Thursday, October 09, 2008

waiting for hammerfall

The Dow is around 8500 now. So I think it's a fair question; what do we do for work, if layoffs happen?

Me, I'm simultaneously looking for work and trying to build my free-lance client base so I can have the bases covered either way. And if my clientele builds, theoretically I can recommend friends for other work, like web design, photography or illustration that are related to what I do but outside my ability set.

And because Natasha and I own our own house, live in a city with a high demand for rental property, and still are making our mortgage payments, we've talked briefly about letting the spare room or -- if we can find a way to make it work -- potentially the entire house, though I'd prefer to avoid that alternative if we can.

The big thing right now is to reduce expenses however we can. We make our own bread, and as many of our meals from scratch as we can, which has kept our food bill fairly steady the past year, particularly with the garden providing beans, tomatoes, and some other vegetables. I've been relying on the library more than ever for books and movies, and expect that if it comes to it during the winter, I'll probably spend most of the day there as well, using the WiFi connection to get my work done in a building where I don't have to foot the heating bill myself.

Some friends of ours came up with a great way to reduce their expenses, by sharing a house with another family. It gives them all full access to an entire house (for the most part), for half the price. Utilities are cut in two, food becomes cheaper per person because of the economies of scale, and the hosting family gets extra money for their mortgage while the second family is saving on their rent.

One perspective that I have found helps is to consider that everything you buy assumes the intrinsic value of the money you spent buying it. Thus, if I spend $14 on a pair of pants, those pants are worth $14 even if I can't wear them anymore. So, rather than throwing them out (and tossing my money into a landfill) or simply recycling them (thereby tossing my money into a recycling bin), I find some other use for the material, to get more bang for my buck.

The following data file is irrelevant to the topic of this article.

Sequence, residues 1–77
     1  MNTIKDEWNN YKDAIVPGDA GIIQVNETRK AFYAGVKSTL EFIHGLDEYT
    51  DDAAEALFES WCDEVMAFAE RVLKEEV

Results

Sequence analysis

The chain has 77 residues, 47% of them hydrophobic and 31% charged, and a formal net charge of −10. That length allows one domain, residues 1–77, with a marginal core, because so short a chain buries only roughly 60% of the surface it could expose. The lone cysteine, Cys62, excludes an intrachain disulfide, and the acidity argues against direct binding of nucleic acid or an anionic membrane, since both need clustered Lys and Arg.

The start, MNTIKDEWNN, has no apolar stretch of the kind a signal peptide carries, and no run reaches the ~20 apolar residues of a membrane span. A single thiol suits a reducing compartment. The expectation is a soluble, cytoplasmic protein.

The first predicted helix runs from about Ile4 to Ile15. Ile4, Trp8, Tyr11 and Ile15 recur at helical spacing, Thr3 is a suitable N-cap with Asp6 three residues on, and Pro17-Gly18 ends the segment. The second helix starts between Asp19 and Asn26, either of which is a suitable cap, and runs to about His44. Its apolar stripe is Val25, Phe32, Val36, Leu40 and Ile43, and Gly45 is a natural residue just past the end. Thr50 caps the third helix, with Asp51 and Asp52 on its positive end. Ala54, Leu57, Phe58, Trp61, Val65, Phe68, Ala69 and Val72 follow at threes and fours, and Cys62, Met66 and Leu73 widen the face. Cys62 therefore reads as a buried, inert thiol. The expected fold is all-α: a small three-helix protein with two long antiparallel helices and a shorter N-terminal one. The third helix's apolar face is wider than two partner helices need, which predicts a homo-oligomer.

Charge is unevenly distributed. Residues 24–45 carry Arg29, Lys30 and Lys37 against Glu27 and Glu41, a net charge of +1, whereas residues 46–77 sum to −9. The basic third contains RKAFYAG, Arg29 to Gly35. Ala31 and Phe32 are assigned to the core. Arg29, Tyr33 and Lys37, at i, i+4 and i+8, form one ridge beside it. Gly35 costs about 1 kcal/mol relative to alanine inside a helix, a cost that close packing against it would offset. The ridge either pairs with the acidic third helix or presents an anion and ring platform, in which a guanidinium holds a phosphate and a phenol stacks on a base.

Thus I have a rug made of old jeans; a tote bag also made from denim that saves me 2 cents every time I use it at the supermarket; a blanket-in-progress made from socks and other clothes too worn out to be useful as clothes, but quite warm as a blanket.

Our trash output has dropped to one garbage can every month, or less; we spend no money on fertilizer, because we compost so much; and I'm in the process of turning an old vanity sink into a game cabinet because I saw a new use for the wood and basic structure, with a few alterations.

If more of us had this attitude, and for a longer time -- it used to be standard practice for Americans, as in the rest of the world as well -- we probably wouldn't be in quite the dire straits that we're in now.

Copyright © 2008 by David Learn. Used with permission.

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